Step 2: Pickle cucumber and radish. You could just chop/slice and add them raw, but I prefer pickling them, ideally a few hours in advance.

For this slice cucumber into very thin slices, mix with salt and leave for 20 minutes, then rinse with cold water. Drain off excess liquid in a colander and gently squeeze cucumbers dry. Return to bowl.

Mix rice vinegar with sugar and chilli powder (or sweet pepper powder). Cover bowl and place in fridge.

Cut the radish into match sticks, mix with salt and leave in a bowl to absorb the salt. After 15 mins, rinse and pat dry with kitchen cloth. Add sugar, sesame oil, chilli powder and vinegar, cover and cool in fridge.

Step 3:  Julienne beef and marinade in Teriyaki sauce. Add sesame seeds.

Later, preferably just before you want to serve, stir-fry quickly until just about done.

Step 4: Prepare/chop/ mince all the vegetables:

  • Spinach: wash (or defrost) spinach, pat dry and stir-fry quickly with a bit of oil. Add minced garlic and deglaze with a bit of soy sauce. Set aside/keep warm

Carrots: peel and cut into match sticks. Sauté in a lightly oiled pan for 1 – 2 minutes over medium heat, sprinkle with sesame seeds, add salt to taste.

  •  mushrooms: cut into thin slices and stir-fry with oil and scallions.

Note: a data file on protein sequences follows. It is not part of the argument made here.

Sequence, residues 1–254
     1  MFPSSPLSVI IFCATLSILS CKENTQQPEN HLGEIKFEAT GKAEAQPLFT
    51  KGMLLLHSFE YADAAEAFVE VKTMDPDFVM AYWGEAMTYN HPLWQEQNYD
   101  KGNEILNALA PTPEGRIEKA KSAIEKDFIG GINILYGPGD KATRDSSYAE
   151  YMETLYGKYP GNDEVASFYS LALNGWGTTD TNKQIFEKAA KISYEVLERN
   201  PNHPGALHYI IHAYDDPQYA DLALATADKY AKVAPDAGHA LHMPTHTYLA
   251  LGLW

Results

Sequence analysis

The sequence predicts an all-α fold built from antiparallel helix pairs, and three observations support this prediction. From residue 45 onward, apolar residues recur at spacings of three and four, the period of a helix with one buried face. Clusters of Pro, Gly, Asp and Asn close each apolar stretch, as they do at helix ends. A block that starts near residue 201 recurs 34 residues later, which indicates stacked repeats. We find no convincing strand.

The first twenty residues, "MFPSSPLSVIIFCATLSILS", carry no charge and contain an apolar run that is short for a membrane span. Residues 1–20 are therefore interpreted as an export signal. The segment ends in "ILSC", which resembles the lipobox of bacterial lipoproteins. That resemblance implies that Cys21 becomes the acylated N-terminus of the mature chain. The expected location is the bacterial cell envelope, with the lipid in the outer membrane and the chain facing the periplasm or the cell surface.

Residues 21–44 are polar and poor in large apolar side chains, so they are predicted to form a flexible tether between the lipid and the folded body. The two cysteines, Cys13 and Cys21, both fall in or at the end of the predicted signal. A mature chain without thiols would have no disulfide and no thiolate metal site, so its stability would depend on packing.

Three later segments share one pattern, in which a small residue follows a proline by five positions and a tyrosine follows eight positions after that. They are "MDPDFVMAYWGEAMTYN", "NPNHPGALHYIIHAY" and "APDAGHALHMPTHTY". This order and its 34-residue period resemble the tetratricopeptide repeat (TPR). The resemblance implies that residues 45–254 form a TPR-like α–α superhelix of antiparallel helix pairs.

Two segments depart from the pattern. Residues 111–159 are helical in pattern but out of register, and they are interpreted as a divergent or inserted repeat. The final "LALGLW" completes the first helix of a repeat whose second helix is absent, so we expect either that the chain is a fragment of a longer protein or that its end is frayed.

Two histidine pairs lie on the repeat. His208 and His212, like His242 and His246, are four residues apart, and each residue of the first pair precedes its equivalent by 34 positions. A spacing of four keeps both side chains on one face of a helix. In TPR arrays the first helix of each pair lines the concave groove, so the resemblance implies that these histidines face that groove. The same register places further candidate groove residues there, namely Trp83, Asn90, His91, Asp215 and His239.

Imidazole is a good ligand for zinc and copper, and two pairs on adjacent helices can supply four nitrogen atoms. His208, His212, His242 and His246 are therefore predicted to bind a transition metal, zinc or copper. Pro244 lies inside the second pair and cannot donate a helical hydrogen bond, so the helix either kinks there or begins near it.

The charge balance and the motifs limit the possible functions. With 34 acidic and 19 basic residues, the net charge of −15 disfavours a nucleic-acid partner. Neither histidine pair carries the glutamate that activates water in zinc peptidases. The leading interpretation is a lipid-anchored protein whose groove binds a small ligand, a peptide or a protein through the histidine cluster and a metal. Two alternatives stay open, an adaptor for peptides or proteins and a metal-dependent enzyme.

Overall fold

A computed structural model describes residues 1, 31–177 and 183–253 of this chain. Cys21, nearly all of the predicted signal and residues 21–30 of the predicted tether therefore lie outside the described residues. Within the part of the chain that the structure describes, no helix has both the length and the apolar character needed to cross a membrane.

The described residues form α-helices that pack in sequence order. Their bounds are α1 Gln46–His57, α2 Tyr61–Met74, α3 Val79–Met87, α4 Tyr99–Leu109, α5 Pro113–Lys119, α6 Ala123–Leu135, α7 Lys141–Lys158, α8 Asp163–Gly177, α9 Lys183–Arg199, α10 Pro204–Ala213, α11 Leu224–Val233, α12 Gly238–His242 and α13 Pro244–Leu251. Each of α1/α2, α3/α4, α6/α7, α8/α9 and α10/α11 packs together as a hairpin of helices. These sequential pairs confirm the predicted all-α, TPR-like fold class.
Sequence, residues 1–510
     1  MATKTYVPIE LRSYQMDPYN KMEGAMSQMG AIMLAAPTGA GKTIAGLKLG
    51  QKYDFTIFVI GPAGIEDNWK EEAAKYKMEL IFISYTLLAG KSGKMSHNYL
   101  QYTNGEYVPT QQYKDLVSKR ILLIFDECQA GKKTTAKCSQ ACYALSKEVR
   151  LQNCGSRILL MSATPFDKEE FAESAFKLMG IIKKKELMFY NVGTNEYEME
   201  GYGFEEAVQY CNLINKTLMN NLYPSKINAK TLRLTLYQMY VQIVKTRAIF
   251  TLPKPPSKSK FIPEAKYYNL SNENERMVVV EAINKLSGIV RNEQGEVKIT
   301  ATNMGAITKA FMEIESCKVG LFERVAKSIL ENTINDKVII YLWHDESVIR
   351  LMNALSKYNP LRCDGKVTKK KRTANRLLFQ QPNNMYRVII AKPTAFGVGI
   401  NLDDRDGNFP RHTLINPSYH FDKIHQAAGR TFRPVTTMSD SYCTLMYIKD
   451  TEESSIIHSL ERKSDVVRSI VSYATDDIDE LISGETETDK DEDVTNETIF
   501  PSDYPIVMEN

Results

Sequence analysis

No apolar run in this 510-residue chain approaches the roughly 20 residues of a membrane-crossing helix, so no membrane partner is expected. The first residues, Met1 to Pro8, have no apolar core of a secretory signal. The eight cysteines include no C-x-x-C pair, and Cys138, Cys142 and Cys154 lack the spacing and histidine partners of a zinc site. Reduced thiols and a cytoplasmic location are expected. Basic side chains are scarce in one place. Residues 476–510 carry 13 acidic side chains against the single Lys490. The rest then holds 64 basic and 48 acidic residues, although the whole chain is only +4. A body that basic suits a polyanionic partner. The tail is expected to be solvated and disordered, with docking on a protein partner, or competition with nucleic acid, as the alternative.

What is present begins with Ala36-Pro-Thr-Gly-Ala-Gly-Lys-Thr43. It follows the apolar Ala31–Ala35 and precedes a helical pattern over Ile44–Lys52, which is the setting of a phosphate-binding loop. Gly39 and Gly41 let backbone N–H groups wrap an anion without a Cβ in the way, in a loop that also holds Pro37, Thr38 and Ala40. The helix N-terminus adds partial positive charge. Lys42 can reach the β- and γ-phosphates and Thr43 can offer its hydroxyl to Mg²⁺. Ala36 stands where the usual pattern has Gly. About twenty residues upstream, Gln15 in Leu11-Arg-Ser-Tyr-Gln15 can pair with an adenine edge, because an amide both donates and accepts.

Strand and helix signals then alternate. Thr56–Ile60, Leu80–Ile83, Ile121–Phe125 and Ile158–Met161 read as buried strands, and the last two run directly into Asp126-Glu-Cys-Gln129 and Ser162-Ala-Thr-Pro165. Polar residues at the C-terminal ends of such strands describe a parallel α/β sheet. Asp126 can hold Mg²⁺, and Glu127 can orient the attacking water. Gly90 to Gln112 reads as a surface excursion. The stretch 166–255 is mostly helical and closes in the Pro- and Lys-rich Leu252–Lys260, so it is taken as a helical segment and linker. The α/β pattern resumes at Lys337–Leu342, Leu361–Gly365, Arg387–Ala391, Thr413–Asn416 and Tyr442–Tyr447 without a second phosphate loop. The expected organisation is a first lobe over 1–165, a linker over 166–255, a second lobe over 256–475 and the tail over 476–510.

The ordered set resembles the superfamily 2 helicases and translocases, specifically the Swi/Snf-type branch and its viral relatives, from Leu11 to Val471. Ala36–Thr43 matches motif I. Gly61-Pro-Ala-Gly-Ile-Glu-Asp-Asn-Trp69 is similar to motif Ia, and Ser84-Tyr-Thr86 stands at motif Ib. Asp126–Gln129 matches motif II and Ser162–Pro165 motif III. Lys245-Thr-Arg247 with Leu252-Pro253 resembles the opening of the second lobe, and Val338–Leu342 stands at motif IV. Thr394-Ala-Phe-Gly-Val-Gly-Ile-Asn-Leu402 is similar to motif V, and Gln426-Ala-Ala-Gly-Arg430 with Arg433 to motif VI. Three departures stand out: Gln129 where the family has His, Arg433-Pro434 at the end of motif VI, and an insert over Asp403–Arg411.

Step 5:  fry eggs sunny side up.

Put a serving of cooked rice in each dolsot, then add vegetables and meat if desired. Sprinkle with sesame seeds, scallions, ginger.

Add one fried egg and a dollop of red chilli paste to each and serve.
For the kids’ version I usually omit the less popular vegetables and stick with julienned carrots and cucumbers (add here any other veg your kid may like, raw or cooked).

Instead of the spicy chilli paste, my boy uses soy sauce or *shameface* ketchup.

It is definitely a family dish as everyone can add or leave out what they like or dislike, and on top of being scrumptilicious, it is alsoperfect for getting rid of leftovers.




Seafood Orgy at Pesceria Backi in Salzburg


A couple of weeks ago, a friend took us to this amazing little fish restaurant in Salzburg                (http://www.pescheria-backi.com/). To be honest, I don’t really like seafood much, but this plate just blew my socks off. There is plenty of fresh fish to choose from in a glass cabinet by the entrance. Not experts at all, we asked the waiter for a recommendation, upon which he suggested the fish of the day with “a few king prawns”, a plate for 3, €25 each. And he couldn’t have suggested any better. The fish was delicious, the prawns enormous and juicy and the white house wine chilled and fruity. Lovers of seafood and those not yet aware of it, don’t miss this gem of a restaurant, the food is great, the atmosphere is lovely and the service is superb.           Bon appétit!